Lesson Plans and Worksheets
Browse by Subject
Karyotype Teacher Resources
Find Karyotype educational ideas and activities
Create your own karyotypes with clay in a kinesthetic genome activity. This tactile experience was created for visually impaired pupils, but can be used for all hands-on learners who are beginning to study chromosomes. The preparation directions are intended for teachers of the visually impaired, so adjust as needed for your classes. A reading activity is referenced and so is ddiscussion, but no reading is included, and the discussion information is quite limited.
Students explore chromosome karyotyping. For this chromosome karyotyping lesson plan, students use a chromosome kit to explore chromosome syndromes and disorders. They also produce a large model of a cell with chromosome to simulate cell division, the stages of cell division and the structures of the chromosomes.
Students comprehend that karyotyping is a process in which chromosomes are cut from an enlarged picture and arranged in decreasing order of size. The cells to be viewed are first chemically treated to increase the number of dividing white blood cells and then treated with colchicines to stop mitotic division during anaphase. Lastly, the cells are burst open, stained and fixed. The slide is examined for well spread chromosomes, photographed, and karyotyped.
Students study karyotyping, which is a process in which chromosomes are cut out from an enlarged picture and arranged in decreasing order of size. They use a template to arrange and glue chromosomes to data sheet, indicate sample code, chromosome abnormality and sex of sample.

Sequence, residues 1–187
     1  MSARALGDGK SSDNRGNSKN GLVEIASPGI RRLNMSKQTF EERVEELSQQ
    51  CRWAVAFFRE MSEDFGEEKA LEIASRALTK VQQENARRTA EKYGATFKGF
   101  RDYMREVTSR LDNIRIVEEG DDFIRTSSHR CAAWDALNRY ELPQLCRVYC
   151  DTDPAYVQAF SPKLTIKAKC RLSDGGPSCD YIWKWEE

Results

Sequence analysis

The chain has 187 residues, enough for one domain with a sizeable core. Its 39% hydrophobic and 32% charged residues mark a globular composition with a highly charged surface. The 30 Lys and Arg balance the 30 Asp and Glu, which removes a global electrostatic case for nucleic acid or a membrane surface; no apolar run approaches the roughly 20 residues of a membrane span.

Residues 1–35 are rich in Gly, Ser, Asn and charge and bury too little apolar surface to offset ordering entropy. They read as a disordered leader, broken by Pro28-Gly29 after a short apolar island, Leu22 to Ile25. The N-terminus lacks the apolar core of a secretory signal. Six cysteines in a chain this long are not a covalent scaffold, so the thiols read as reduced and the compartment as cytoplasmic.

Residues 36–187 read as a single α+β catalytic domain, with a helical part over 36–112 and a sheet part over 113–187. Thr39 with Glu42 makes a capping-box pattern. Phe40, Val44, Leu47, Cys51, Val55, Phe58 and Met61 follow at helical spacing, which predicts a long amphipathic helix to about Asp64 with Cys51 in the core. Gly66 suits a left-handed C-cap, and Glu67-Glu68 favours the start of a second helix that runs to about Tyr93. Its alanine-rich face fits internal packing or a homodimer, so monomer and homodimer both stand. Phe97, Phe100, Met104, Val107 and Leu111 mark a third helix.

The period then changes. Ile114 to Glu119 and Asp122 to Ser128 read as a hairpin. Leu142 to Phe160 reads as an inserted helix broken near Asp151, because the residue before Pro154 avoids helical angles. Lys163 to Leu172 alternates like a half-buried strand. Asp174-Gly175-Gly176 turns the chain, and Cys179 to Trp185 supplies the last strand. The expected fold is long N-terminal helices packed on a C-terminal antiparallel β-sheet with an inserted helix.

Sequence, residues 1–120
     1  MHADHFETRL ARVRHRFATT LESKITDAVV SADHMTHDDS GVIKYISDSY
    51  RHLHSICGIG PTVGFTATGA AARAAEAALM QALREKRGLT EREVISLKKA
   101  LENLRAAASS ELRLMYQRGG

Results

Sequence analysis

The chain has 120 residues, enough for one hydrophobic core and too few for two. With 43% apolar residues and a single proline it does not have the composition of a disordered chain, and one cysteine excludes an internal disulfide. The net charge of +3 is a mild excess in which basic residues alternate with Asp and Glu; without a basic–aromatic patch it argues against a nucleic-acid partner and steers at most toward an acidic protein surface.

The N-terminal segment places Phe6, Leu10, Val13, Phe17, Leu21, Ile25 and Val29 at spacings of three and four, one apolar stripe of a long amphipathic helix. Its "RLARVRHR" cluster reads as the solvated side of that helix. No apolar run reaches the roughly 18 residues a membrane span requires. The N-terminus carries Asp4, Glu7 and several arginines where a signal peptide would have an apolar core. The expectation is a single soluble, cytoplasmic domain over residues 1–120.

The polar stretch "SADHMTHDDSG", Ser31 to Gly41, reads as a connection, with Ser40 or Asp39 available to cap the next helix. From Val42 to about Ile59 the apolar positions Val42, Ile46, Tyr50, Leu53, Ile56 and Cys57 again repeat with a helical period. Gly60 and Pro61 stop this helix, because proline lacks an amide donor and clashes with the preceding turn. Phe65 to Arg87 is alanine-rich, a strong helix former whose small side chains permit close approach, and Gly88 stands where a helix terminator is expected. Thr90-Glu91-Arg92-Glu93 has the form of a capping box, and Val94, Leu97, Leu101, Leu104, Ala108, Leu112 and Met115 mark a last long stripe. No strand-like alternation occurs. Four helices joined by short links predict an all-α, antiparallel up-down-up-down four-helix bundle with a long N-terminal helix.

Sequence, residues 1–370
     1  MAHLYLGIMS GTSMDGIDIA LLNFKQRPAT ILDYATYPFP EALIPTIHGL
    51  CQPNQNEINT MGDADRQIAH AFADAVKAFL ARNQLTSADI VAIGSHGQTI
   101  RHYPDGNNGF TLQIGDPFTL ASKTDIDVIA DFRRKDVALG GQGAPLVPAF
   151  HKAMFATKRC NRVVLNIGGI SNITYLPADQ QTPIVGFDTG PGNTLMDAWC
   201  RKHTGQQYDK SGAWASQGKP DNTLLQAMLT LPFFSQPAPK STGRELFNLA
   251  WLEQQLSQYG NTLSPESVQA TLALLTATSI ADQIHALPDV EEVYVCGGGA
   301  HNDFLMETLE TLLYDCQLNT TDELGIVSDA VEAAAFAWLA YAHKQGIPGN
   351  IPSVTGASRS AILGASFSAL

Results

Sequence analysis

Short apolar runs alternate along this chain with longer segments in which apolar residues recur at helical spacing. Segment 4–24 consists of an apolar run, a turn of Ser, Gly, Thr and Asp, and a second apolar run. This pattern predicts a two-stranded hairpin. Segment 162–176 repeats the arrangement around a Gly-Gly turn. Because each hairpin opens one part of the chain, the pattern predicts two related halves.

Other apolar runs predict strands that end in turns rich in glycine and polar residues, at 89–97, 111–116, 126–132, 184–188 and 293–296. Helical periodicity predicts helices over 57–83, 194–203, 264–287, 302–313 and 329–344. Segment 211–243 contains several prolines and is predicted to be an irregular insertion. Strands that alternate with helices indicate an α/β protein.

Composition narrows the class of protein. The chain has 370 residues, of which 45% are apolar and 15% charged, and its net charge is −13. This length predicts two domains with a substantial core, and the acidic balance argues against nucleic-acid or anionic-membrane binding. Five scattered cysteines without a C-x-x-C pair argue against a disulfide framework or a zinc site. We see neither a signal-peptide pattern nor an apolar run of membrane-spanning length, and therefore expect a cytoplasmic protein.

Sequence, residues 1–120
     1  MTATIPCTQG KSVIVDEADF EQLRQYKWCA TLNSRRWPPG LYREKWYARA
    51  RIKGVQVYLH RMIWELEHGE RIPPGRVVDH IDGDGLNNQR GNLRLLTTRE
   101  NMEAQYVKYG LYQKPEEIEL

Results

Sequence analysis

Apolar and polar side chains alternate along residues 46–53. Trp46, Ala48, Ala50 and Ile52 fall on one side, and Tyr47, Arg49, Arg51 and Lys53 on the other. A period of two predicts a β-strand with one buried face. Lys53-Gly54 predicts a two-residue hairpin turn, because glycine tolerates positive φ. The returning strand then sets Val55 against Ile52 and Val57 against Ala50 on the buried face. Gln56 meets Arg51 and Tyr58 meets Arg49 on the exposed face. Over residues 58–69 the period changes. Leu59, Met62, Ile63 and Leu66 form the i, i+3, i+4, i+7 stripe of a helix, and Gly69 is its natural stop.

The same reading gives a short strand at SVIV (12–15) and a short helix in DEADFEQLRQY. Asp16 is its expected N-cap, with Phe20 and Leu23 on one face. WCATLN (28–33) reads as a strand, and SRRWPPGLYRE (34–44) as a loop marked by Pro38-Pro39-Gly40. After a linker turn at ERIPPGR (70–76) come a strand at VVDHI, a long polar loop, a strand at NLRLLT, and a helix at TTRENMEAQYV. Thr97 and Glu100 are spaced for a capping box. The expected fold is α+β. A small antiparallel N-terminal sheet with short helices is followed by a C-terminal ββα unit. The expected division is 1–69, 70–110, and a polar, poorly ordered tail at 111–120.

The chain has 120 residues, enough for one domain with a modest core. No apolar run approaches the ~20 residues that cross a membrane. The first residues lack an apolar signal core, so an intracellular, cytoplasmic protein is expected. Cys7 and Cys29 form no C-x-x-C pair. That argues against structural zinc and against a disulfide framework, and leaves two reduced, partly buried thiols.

Students use a karyotype to determine characteristics of the "baby" created in the lab activity. In this karyotyping lesson plan, students analyze the traits and characteristics that can be determined from a karyotype such as the sex of the baby and particular traits identified by letters on the karyotype. Students answer general questions about genetic diseases, traits on chromosomes and sex linked traits.
After teaching about the process of meiosis, use this presentation to inform your biology buffs of problems that can possibly occur. Gene mutation is mentioned as a review, and then different forms of chromosome mutation are explored: nondisjunction, deletion, inversion, duplication, and translocation. The use of a karyotype for identifying these problems is explained. It would be ideal to follow this presentation with a karyotype activity.
An explanatory introduction to genes opens the worksheet for young geneticists. Then, through diagrams and reading passages, mitosis is explained. This is just a general explanation, as the phases of mitosis are not mentioned. Pupils answer a few fill-in-the-blank questions and then use large objects and their arms to model mitosis. They repeat these activities for meiosis and for the fertilization process. Finally, they read about karyotypes and chromosomal abnormalities. The handout is informative, but the lab activities are not engaging.
What you will find in this collection of slides is a comprehensive introduction to genetics. It is technically three separate slide shows: the first on general genetics concepts, the second on rules of inheritance, and the third on genetic disorders. Geared toward high school biology, this may provide material for several lectures in your genetics unit.
Students describe the differences between incomplete dominance and codominant alleles, and between multiple alleles and polygenic inheritance. They describe how internal and external environments affect gene expression. They then interpret testcrosses and pedigrees charts.